The irony here doesn't escape Hallikainen. Only a week before Skylines was released, game publisher Electronic Arts announced that it was shutting down SimCity developer Maxis' studio in Emeryville, which it acquired in 1997.

"I feel so bad about Maxis closing down," Hallikainen said. "The older SimCitys were really the inspiration for us to even consider making a city builder."

At the same time, Hallikainen admits SimCity's mistakes were Colossal Order's opportunity. "If SimCity was a huge success, which is what we expected, I don't know if Skylines would have ever happened," she said, explaining that it would have been a harder pitch to sell to Paradox if the new SimCity dominated the market.

Submission + - We must settle consumer fears about the Security of Things ( 1

irl_4795 writes: The Internet of Things (IoT) is already revolutionising consumers’ lives. Smart meters and thermostats are reducing energy bills, and wearable tech is helping to make us healthier. But for IoT to truly take off, Sean Lorenz at LogMeIn believes the industry needs to allay consumer fears about security.

Submission + - FBI Wants To Ban Hats and Sunglasses 1

An anonymous reader writes: You may not even think about wearing sunglasses and a hat when entering a bank, but the FBI sure is. One local agent wants to make it a new law in Washington state banning that attire. Hate and sunglasses are becoming one of the most common disguises for bank robbers. Many banks, like Washington Mutual, already asks customers to take them off before walking in. Asking doesn't seem to be working, so instead of bank policy the FBI says there should be a law. Footage of a bank robber who hit two Seattle banks on Wednesday shows a nice view of a hat and not much else. "Unfortunately from the camera placement we don't have a face shot. The cameras are placed way too high and all we see is the top of the construction helmet," said Larry Carr, FBI special agent. Bank bandits know they can evade the most elaborate surveillance system with a hat or hood or sunglasses. For instance, when the "nomad bandit" was finally arrested, he told the FBI he knew the cameras would never capture his face because he hid it with a hat. "The vast majority of bank disguises, that is their key disguise. That's their disguise," said Carr. Now the FBI will be working with the state legislature to make it illegal to conduct business in banks while wearing a hat, sunglasses or a hood pulled over your head. The logic is simple: If you are in a bank and you are hiding your identity, you're probably up to no good. "That's quite frightening to the employees, so we need to train ourselves to take that attire off," said Carr. Besides the no hats and sunglasses rule, the FBI suggests banks should also consider lowering their cameras to better capture faces. The law would not apply to customers who cover their head for religious or medical reasons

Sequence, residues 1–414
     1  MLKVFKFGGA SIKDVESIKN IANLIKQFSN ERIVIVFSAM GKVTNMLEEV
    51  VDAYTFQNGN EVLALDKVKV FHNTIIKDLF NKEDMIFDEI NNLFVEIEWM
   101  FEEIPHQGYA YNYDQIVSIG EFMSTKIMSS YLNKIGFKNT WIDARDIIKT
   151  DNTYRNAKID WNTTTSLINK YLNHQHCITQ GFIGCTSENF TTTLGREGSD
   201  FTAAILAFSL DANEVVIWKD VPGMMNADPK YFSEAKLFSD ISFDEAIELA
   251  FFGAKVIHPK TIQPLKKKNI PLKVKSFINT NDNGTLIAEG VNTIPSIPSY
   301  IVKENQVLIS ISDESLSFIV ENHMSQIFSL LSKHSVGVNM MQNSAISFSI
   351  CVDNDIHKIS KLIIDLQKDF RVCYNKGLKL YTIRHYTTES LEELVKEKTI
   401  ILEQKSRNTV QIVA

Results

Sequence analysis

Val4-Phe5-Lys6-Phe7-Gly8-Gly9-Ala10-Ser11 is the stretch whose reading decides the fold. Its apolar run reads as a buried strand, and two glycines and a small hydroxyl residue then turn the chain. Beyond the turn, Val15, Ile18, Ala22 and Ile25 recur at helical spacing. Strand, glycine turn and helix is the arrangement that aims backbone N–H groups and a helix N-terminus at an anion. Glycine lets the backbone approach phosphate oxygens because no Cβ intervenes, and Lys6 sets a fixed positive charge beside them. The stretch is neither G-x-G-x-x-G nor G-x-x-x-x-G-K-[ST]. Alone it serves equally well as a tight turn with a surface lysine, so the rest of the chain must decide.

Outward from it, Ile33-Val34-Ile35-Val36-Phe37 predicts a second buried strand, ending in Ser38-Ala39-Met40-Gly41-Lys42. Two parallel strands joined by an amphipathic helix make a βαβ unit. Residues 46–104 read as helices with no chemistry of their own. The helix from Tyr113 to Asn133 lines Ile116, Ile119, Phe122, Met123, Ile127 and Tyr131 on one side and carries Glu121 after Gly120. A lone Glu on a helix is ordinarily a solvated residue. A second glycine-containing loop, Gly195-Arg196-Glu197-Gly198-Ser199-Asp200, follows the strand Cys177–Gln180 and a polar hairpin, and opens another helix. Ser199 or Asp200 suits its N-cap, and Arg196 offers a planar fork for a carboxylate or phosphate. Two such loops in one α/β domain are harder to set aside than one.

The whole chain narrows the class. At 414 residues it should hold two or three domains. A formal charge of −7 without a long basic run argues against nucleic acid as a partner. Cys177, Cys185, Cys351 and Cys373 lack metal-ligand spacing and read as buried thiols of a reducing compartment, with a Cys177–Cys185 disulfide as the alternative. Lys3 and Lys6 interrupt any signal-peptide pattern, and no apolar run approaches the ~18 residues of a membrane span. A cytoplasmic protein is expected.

In 1750 Issac Newton became discouraged when he fell up a flight of stairs.